New York Yankees Trade Talk: What's Too Much to Deal for Each Big Target
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With the July 31 trade deadline fast approaching, New York Yankees fans are wondering if the Bronx Bombers will make any big moves, and if they do, just what will it cost.
I've already discussed how I think this year's trade deadline will be quiet, so for the sake of this article I'm going to play Devil's Advocate for a bit and see what will be asked for by the team trying to trade them.
What I believe to be reasonable for the Yankees to give up and my thoughts on what the chance of the Yankees getting the player would be.
Out of all the players that are on the "trade market," I decided to look at 10 of them. So let's get started with the best player available, Carlos Beltran.
Note: This list is not in any kind of order. It's simply just a list of players available.
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With the Mets already saying they'd pay for the remaining salary on Beltran's contract, this means they will ask for a lot in return.
I fully expect the Mets to ask for Jesus Montero, Ivan Nova, Dellin Betances and Manny Banuelos (you'll see this package several times in the remaining slide) at a minimum.
I wouldn't be surprised if they also ask for a couple more prospects or even a player already on the Yankees MLB roster such as Ramiro Pena or Eduardo Nunez too boot.
Beltran is the best player available on the market and even with the Mets willing to pick up the final $6 million of his contract, he is still a free agent to be, and that's a high price to get him.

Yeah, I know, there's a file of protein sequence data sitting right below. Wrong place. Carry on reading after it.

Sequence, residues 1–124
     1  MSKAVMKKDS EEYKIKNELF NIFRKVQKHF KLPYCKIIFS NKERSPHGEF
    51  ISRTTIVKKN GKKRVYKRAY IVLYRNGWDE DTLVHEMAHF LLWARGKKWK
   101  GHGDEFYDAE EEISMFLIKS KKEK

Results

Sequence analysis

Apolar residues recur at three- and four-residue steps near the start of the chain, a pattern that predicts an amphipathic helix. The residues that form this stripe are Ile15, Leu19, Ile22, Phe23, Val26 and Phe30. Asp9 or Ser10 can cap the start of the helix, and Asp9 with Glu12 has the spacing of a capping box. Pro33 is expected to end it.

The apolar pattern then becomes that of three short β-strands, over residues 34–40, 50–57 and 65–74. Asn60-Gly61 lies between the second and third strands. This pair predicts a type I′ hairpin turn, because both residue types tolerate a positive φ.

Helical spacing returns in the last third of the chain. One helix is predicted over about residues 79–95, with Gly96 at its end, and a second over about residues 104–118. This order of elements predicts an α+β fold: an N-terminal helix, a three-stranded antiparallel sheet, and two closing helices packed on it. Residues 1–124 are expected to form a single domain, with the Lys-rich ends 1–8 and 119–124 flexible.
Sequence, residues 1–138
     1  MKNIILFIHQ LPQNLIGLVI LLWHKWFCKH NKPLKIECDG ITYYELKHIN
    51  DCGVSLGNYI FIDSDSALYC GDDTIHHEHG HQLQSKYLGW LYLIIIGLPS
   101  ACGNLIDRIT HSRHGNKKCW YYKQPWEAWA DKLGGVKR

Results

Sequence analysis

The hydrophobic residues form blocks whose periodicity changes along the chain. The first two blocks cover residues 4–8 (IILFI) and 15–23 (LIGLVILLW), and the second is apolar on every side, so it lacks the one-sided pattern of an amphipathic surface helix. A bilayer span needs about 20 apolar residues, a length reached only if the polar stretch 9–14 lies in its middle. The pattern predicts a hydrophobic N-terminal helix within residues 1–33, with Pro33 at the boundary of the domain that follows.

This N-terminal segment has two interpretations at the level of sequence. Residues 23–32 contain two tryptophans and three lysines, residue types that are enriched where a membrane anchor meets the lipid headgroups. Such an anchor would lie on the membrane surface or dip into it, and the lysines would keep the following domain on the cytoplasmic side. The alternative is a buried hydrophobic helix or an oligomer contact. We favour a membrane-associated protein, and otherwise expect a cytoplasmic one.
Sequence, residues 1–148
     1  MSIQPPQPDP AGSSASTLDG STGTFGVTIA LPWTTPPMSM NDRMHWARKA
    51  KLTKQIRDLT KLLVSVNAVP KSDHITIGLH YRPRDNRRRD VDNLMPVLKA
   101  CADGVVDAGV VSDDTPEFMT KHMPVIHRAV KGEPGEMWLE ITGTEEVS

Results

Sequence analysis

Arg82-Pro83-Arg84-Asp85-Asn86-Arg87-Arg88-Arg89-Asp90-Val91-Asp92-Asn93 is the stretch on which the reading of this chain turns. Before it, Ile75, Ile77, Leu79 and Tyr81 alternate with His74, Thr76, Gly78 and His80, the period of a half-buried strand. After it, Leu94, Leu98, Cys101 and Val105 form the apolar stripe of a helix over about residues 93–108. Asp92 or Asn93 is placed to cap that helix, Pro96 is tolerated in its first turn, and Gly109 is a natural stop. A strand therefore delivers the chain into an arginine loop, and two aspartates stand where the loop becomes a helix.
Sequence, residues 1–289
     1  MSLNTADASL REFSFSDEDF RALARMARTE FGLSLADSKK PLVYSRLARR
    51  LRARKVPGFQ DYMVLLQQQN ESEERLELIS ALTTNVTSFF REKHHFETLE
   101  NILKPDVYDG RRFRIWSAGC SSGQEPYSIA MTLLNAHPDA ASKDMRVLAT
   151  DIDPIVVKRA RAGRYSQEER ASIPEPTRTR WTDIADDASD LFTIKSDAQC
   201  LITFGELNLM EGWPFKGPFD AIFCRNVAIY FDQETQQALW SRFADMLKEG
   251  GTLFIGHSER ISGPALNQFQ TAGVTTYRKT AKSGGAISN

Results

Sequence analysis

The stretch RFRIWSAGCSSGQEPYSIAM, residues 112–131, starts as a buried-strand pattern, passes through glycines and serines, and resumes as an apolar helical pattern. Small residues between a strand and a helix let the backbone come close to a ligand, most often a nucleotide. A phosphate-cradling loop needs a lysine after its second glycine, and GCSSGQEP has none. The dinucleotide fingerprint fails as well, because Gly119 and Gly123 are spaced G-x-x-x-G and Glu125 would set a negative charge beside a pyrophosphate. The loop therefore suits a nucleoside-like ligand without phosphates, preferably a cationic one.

The Yankees also have to figure out what they would do with Beltran. Is he the DH? Is he the right fielder? What would that mean for Jorge Posada and/or Nick Swisher?
This is the kind of move George Steinbrenner would have been all over. Thankfully, his sons and Brian Cashman have shown that they will not mortgage the future to win now.
The Yankees should counter with Montero, Nova and Nunez. Montero's time and opportunity with the Yankees is running short. Nova has been pretty good (I believe Betances and Banuelos will be better in the long run) and Nunez is going to be stuck as a platoon player until Derek Jeter retires.
This deal would give the Mets a catching/first base prospect in Montero, a young pitcher in Nova and a player that can play third or short with an above-average bat.
While the Yankees offense has sputtered as of late with Alex Rodriguez on the DL, I do expect the Yankees to go after a big bat (not just pitching as initially thought) but think the Mets will simply demand too much.